The Trump team’s repeated lies about what exactly happened during a meeting between campaign members and a Kremlin-linked lawyer indicate that there might be foul play involved, writes David A. Graham of The Atlantic. President Trump’s claims that collusion is not a crime also suggests a desire to defend potentially illegal actions by him or his campaign. The fact that his statements about what actually happened at the meeting are constantly changing also doesn’t bode well. Accepting damaging information from foreign nationals goes against campaign-finance laws. Trump appears increasingly nervous as more information surfaces.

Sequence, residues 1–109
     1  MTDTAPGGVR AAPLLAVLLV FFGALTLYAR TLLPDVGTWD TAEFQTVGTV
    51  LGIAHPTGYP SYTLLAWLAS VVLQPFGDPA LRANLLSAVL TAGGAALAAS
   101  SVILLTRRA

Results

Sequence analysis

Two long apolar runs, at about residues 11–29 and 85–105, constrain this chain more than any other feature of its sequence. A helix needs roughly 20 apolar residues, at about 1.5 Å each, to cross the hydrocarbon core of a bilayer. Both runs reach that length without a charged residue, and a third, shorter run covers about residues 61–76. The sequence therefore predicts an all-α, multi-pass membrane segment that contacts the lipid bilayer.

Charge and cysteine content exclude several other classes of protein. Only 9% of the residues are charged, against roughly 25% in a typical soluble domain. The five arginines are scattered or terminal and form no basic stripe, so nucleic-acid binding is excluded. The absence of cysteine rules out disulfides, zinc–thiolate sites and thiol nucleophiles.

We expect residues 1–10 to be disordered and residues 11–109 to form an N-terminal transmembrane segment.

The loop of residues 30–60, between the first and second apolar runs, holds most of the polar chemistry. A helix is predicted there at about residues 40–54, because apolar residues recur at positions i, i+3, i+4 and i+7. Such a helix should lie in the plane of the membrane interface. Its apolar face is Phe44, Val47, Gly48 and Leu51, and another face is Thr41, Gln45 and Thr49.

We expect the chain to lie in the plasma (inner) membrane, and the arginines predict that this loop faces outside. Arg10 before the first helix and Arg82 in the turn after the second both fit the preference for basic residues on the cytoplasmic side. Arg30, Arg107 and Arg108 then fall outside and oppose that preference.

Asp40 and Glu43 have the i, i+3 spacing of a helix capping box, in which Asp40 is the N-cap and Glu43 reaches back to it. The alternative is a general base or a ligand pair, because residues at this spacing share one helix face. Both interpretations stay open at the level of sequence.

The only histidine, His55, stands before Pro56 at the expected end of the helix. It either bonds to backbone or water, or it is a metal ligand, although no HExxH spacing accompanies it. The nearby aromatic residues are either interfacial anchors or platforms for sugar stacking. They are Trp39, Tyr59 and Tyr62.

Recent reports about the happenings at a Trump Tower meeting involving a lawyer with ties to Russia and Trump campaign members don’t raise anything incriminating, infers Byron York of The Washington Examiner. Crucially, while dirt on Hillary Clinton may have interested Trump’s team, none was offered in the end. The subject of the meeting ended up being the adoption of Russian children by Americans and US sanctions on the country. Up until now, no proof has been presented that shows the Trump campaign broke campaign-finance laws. Much of what has recently been written wasn’t new; the president stated what happened in 2017.